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Ἀμπρακιῶται—they had made an attack on Argos in concert with the Chaones and other tribes of barbarians in the autumn of 430 B.C. c. 68, 9. The Chaones were possibly a remnant of the Pelasgi. Hence they are sometimes treated as Greeks, though Thuc. always calls them barbarians. Grote, II. p. 234, Curtius, Hist. G. I. 104 ‘In later times they were regarded as barbarians ... but, according to their origin, they could claim perfect equality with the other branches of the Greek people.’ (Cf. Matthew Arnold, Lit. and Dogma, init.) πᾶσαν—this elaborate undertaking is in marked contrast, with the issue, c. 82; and it is quite in Thuc.'s manner to make the opening imposing under such circumstances. Cf. c. 7, 2. Ἀθηναίων— the Ambraciots were actuated by the tribe hatred existing in that quarter, and they had an old grudge against Phormio (c. 68). Now that Athens was in difficulties, they took the chance of revenge, and were at pains to demonstrate to Sparta that they were very important friends to her. ἀδυνάτων— through being occupied with the fleet, and in protecting their coasts. τῶν ἀπὸ θ. Ἀ.—ἀπὸ is for ἐπὶ by attraction to ξυμβοηθεῖν, ‘the Acarnanians on the sea-coast would be unable to aid’ the inland tribes. κρατήσουσι ἔσοιτο—the indic. and opt. in the same sentence in Or. Obl. M. T 670. ὁμοίως—‘would not find it so easy to.’ ἐλπίδα ... λαβεῖν— ἐλπίς ἐστι regularly has aor. infin., like εἰκός ἐστι c. 11, 8. Ναύπακτον—this appealed equally to the Spartans, Corinthians, and Ambraciots; as the position of the conquered Messenians was a chronic insult to Sparta, Phormio interfered with the western trade of Corinth, and the Ambraciots too had their grudge against him.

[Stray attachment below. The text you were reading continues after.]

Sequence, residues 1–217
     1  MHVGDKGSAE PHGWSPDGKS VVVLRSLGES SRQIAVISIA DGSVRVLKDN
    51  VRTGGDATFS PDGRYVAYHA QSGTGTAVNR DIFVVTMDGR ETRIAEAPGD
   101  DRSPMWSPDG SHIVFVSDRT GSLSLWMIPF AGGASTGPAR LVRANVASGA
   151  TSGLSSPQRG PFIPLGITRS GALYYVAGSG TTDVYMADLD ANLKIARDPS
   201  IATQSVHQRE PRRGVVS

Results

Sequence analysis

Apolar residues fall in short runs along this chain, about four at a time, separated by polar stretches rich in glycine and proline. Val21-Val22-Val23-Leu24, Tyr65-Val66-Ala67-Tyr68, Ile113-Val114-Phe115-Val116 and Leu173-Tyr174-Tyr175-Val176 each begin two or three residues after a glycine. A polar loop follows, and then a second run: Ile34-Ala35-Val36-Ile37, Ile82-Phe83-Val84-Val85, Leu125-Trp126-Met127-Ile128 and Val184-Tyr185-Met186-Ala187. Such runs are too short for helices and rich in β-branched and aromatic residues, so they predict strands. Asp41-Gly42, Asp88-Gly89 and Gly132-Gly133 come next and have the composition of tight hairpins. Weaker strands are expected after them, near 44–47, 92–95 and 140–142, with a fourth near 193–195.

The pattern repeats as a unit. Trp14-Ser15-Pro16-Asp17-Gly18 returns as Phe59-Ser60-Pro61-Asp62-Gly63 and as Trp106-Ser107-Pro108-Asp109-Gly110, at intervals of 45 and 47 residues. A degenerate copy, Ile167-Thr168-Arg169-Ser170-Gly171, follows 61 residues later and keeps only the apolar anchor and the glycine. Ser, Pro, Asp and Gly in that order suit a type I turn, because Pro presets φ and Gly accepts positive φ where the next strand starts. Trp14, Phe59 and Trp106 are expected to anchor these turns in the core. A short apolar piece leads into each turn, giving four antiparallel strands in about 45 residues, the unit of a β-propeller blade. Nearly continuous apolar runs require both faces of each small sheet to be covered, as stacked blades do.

Ἔτι—c. 66, 2. Cnemus' year of office had not yet quite expired. For ἔτι of a period nearly complete, cf. c. 59, 3. ἐπὶ ναυσὶν—the dat. only here and IV. 10, 3. The gen. is regular, as c. 57, 1. So Demosth. 45, 30 says τὰ ἐπὶ τραπέζης ὄντα, 27, 11 μνᾶς ἐπὶ τῇ τραπέζη̣; Aristoph. Eq. 754 ἐπὶ ταυτησὶ καθῆται τῆς πέτρας, ib. 783 ἐπὶ ταῖσι πέτραις καθήμενον. There is no difference of sense, but the dat. is rare except with names of places. (Rutherford, Babrius, p. 7, wrongly denies the existence of this dat. in comedy.) ναυτικῷ—abstract for concrete. Λευκάδα—an ally of Sparta, c. 9, 2, and a convenient point from which to attack Acarnania.
Ἦσαν ... ξυμ—c. 12, 2. ἐν παρασκευῇ—c. 17, 5. ἐκ Λευκάδος ... ἀφικόμενον ἐν Λευκάδι—a convement inaccuracy, as in c. 70, 3. For ἐκ Λ., αὐτόθεν would have been more accurate.
Λαθόντες—i.e. he passed the mouth of the Gulf of Corinth on his way to Leucas without being detected. εἴκοσι—c. 69.
Ἀρχικοῦ—the presidency was in the hands of a particular family. The Chaones, then a powerful tribe, subsequently lost their importance, and were little more than a name in the time of Augustus. Verg. G. I. 8; II. 67. They, with the Molossi and Thesproti were the chief Epirot tribes.
Μολοσσοὺς—became under Pyrrhus the rulers of Epirus. Ἀτιντᾶνας—bordered on the Parauaei near the river Aous. Ὀροίδῳ—both with ξυνεστρατεύοντο and ἐπιτρέψαντος.
Κρύφα—he was supposed to be an ally of Athens, c. 29, 6. ὕστερον—c. 5, 3.
Ἐπορεύετο—he started from Ambracia. Λιμναίαν —between Argos and Anactorium, now Kravassara, and the natural point of departure from the Gulf of Ambracia to the Gulf of Corinth. The first object of the expedition was to obtain control of this route. Στράτον—on the Achelous, now Sourovigli. In 168 B.C. Livy says it was urbs validissima: now it is a poor village.
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